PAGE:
Friday, July 1, 2011

Is Ottawa Canada's New York City?

Yesterday my wife was waiting at the War Memorial for the arrival of the Duke and Duchess of Cambridge when she struck up a conversation with a lady next to her from Toronto. The lady, who visits New York City pretty often, went on to say that she felt that Ottawa was Canada's equivalent to New York City and that it is the place to be but people just don't know it. Many people would say that Toronto would be "New York North" but this Torontonian says Ottawa deserves the title.

To some Ottawa purists it's sacrilegious to compare our city to New York with its bright lights and "big-cityness", but to others such as myself, a tourist drawing comparisons between Ottawa and an international business, fashion and cultural centre like New York is a compliment.

I know. Is she talking about the same Ottawa that many of us love and many others hate?

Similarly, last year at the launch of the Re Hotel & Residences, Ashcroft's David Choo mentioned that Ottawa was more like New York and other heavy hitters than we realized. While it seems many Canadians, including some who live in the capital, believe Ottawa is a boring government town, others are seeing a cosmopolitan city.

I've only been to New York City twice in my life, the last time being in 1991, but still I don't know if I would personally compare the world's number one financial centre, and a global centre for fashion and culture, with our Ottawa. But if a woman from Toronto believes our city provides her with a similar experience to New York City that's her personal reality, no matter what any of us may think.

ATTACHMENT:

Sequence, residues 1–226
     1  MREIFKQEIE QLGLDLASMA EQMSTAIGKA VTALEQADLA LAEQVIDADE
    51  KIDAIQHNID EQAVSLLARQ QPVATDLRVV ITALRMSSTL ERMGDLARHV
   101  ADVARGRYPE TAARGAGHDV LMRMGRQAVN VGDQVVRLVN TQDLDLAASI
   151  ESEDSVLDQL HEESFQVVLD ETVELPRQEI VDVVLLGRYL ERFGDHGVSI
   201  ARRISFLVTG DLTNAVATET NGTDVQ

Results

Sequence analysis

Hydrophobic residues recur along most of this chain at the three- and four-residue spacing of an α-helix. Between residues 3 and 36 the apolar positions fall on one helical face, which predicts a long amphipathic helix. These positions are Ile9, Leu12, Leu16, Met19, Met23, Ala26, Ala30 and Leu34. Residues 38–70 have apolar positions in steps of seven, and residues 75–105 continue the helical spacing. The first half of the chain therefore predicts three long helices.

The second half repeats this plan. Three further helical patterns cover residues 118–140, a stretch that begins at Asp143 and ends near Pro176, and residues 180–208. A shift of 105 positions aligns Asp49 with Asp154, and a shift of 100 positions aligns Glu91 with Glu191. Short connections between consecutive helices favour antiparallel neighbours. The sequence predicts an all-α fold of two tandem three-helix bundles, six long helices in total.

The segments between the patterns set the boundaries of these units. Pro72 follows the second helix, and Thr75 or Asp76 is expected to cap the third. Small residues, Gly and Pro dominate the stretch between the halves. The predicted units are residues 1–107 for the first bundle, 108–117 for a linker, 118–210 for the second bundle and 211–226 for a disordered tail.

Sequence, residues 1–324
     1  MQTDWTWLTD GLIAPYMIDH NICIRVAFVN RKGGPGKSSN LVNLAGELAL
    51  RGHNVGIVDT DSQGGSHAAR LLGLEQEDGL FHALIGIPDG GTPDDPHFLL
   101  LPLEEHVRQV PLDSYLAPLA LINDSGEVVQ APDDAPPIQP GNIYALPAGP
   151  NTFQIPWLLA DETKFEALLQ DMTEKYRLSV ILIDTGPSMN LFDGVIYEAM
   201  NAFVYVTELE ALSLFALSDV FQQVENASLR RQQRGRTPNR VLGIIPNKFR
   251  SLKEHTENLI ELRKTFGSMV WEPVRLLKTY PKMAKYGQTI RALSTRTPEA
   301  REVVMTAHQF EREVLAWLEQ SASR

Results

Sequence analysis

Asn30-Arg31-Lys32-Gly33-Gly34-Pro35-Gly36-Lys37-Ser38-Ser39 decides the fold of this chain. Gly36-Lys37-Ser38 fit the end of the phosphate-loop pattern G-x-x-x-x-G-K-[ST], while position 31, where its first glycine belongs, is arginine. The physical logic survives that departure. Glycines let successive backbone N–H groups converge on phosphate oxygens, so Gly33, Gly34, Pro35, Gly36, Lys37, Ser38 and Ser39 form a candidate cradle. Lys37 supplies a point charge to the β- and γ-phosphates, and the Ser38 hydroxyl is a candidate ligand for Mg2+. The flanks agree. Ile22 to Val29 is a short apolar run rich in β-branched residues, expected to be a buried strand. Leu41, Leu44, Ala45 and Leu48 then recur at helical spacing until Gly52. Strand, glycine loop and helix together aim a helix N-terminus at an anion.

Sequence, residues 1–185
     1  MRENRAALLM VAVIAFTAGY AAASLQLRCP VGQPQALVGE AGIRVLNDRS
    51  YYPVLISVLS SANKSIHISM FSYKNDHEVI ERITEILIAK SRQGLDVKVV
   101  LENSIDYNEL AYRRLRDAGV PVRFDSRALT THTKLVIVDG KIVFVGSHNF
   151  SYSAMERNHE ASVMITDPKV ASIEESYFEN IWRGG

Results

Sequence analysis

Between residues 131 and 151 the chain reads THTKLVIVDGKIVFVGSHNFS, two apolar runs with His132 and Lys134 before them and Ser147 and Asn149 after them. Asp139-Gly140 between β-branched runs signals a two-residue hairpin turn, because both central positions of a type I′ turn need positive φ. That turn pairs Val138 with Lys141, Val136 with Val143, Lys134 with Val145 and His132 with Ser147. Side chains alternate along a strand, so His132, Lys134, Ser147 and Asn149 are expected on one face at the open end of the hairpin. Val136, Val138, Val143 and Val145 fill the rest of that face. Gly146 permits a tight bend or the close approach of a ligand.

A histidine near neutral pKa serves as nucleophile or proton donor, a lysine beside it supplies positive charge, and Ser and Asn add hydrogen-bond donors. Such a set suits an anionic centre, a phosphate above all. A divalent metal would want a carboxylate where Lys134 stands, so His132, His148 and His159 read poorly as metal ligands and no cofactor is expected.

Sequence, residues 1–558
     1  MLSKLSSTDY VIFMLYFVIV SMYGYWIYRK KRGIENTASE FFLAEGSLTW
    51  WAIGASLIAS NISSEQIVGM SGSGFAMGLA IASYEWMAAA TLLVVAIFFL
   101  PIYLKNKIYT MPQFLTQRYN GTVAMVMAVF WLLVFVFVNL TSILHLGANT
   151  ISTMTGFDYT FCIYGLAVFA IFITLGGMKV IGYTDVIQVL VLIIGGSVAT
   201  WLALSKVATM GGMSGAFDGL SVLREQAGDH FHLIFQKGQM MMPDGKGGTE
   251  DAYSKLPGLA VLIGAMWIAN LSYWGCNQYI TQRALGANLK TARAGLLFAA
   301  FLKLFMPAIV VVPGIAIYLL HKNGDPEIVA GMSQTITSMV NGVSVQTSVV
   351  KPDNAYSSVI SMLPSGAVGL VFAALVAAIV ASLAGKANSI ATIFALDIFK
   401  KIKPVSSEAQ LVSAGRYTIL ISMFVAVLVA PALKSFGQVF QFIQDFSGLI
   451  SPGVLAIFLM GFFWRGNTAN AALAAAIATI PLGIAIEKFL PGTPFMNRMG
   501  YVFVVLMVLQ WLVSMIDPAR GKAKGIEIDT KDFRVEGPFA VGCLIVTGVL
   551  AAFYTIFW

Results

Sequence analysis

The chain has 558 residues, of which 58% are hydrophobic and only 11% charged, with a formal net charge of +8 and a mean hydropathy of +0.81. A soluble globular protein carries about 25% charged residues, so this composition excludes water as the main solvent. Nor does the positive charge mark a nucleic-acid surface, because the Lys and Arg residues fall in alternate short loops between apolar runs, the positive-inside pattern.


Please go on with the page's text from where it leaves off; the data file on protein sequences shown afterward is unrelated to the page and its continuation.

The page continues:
Perhaps our tourist friend from Toronto is simply seeing Ottawa's potential as a world city.

So what's the verdict? Is this tourist from Toronto right? Is Ottawa Canada's New York City? A budding cosmoplitan Canadian metropolis? Or is she out in left field?

Kevin Bourne

1 comment:

  1. It could be that the woman is delusional?

    Still, though, two points to note:

    1) What are the criteria of such a comparison?

    2) Shouldn't a city develop its own identity than being a poorer version of another city?

    I'm from Toronto. I like it, because it's not "New York North", it's Toronto. Unique in its own right.